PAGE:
The Curry farm and post office©Copyright: Jeri Danyleyko
The name "Opeongo" originated from the Algonquin word "opeauwingauk" meaning "Sandy at the Narrows." The Opeongo Road was probably the most well know failure of the infamous road colonization scheme that took place during the mid 1800s. Completed in 1867, it stretched 110 kilometres from Ottawa through Renfrew County to Algonquin Park.
By the mid 1850s settlers, lured by the usual government hype of rich agricultural resources for free, had begun arriving from all parts of Europe. Settlers were given their pick of the 100 acre lots on a first-come first-serve basis. Although the goal of erecting a home and cultivating 12 acres in the first 4 years seemed quite achievable, the soil turned out to be thin, rocky and unsuitable for farming. With their hopes of a better life dashed, many struggled on just to obtain title to a piece of land they could call their own. The area was full of rich virgin forests and eventually lumbering interests took over.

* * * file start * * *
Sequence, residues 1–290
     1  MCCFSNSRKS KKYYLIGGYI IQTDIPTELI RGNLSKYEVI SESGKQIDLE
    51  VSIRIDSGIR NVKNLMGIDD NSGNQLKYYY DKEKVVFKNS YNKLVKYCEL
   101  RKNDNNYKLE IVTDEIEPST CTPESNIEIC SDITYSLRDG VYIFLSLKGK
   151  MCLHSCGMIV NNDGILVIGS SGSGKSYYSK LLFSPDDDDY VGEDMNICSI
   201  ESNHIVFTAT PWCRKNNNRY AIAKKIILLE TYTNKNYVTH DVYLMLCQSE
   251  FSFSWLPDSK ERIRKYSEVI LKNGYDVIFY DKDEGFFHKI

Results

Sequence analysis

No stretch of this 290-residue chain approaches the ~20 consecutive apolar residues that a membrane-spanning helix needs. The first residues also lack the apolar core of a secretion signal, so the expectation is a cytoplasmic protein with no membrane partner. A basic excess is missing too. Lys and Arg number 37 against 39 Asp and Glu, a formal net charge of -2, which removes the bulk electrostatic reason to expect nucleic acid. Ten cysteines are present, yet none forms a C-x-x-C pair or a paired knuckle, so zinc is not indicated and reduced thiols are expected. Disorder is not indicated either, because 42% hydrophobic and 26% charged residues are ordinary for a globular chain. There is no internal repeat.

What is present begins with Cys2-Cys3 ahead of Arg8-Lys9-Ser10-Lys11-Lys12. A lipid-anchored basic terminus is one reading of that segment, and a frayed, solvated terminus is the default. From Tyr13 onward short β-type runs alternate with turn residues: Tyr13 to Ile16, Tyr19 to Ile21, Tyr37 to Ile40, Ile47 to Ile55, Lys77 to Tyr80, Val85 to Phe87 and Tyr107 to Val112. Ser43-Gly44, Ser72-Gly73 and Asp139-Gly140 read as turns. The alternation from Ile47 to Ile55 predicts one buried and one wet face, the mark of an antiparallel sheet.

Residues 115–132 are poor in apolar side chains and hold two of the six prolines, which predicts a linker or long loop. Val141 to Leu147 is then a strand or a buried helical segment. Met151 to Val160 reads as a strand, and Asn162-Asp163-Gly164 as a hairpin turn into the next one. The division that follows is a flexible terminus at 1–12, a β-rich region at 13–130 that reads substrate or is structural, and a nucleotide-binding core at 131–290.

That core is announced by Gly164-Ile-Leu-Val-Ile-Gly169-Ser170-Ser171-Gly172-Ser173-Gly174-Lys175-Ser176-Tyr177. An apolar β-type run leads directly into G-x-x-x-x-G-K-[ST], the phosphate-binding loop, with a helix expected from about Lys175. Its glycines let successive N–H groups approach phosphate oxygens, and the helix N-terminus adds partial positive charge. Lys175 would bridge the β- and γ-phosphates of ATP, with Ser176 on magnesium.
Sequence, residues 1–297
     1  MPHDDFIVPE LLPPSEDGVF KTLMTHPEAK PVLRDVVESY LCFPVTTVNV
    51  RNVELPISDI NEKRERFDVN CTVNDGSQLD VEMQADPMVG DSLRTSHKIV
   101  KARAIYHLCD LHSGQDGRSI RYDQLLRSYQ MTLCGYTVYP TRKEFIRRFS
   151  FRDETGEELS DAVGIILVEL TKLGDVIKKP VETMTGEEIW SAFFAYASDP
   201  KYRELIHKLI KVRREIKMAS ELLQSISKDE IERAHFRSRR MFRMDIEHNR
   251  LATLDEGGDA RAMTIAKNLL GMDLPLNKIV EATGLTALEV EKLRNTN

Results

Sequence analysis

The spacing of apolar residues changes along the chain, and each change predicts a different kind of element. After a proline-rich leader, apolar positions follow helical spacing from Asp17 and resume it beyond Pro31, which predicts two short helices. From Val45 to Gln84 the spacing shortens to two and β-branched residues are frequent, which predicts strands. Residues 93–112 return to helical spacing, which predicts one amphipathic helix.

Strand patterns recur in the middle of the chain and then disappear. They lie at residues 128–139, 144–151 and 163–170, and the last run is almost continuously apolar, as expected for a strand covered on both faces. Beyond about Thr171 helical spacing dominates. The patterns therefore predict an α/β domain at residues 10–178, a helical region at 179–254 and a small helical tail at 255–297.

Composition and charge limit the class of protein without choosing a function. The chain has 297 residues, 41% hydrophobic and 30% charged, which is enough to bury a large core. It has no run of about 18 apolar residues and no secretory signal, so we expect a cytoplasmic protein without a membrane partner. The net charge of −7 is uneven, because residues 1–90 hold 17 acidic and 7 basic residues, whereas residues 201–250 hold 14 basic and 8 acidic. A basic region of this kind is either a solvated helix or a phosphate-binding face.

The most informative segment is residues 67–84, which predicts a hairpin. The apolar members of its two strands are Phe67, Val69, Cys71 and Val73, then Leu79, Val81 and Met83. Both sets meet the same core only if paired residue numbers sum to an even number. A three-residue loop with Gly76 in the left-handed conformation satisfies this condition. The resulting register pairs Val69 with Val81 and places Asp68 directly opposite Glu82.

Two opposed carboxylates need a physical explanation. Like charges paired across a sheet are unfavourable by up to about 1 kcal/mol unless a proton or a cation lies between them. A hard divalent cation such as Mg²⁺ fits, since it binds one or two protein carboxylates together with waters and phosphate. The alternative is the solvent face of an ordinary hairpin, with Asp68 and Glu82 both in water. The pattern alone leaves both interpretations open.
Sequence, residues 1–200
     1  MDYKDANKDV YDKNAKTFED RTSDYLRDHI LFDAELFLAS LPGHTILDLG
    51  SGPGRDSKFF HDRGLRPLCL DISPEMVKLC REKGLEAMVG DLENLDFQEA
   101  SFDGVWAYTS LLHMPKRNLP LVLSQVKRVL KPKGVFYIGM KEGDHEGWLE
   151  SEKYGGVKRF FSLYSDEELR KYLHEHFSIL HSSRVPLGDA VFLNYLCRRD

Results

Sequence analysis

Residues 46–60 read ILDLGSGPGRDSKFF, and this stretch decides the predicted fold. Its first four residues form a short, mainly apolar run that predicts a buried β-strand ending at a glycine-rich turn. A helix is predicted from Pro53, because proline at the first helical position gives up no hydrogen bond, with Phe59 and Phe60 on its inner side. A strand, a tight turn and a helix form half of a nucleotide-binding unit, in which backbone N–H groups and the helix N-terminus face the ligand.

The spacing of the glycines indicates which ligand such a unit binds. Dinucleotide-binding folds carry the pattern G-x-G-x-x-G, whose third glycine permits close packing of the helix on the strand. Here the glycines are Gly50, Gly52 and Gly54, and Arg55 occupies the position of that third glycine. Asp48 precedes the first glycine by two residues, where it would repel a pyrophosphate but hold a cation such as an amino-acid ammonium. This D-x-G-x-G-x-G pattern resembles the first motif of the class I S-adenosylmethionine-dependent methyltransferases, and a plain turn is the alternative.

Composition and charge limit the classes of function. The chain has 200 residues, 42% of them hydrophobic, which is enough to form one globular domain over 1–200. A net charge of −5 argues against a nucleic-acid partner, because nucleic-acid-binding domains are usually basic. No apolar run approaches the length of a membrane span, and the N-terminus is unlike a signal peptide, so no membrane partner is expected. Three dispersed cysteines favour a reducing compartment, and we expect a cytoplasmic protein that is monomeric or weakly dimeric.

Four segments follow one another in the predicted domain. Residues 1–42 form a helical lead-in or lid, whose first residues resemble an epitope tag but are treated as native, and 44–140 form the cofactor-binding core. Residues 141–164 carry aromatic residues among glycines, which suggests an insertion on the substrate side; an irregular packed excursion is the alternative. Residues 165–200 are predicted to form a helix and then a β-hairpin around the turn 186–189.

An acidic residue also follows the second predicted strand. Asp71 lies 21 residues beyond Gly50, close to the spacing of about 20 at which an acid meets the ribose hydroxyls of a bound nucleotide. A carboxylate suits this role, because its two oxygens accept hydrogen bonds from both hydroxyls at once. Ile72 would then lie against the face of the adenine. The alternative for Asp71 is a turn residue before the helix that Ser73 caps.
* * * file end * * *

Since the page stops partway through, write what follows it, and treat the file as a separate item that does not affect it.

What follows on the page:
Esmonde was one of several small communities and cross road hamlets that sprung up along the Opeongo Road during the mid 19th century. It had a schoolhouse and both Catholic and Anglican churches. Patrick Curry opened a post office in 1888, which remained open until 1917. The village also contained a saw and shingle mill operated by A. Quade.
The land around Esmonde was reasonably fertile and it thrived for awhile, but once the land was farmed out the farmers moved on and the village died. Esmonde was never large and at its peak boasted a population of around 25.
By 1893, J.R. Booth had expanded his lumbering interests into Algonquin Park. His railway, the Ottawa, Arnprior and Parry Sound ran through the park, by-passing the Opeongo Road. The sawmill operated until at least 1910.
Today the Opeongo Road, with the old rough hewn old log homes and split rail fences retains much of its pioneer flavour. A 1977 government report called for the preservation of the Curry farm and post office building, which were in a sad state of deterioration. Sadly it didn't happen and the structures have since crumbled into ruins. St Joseph's Catholic Church continues to operate. The community hall, located near the church has been renovated and is still in use.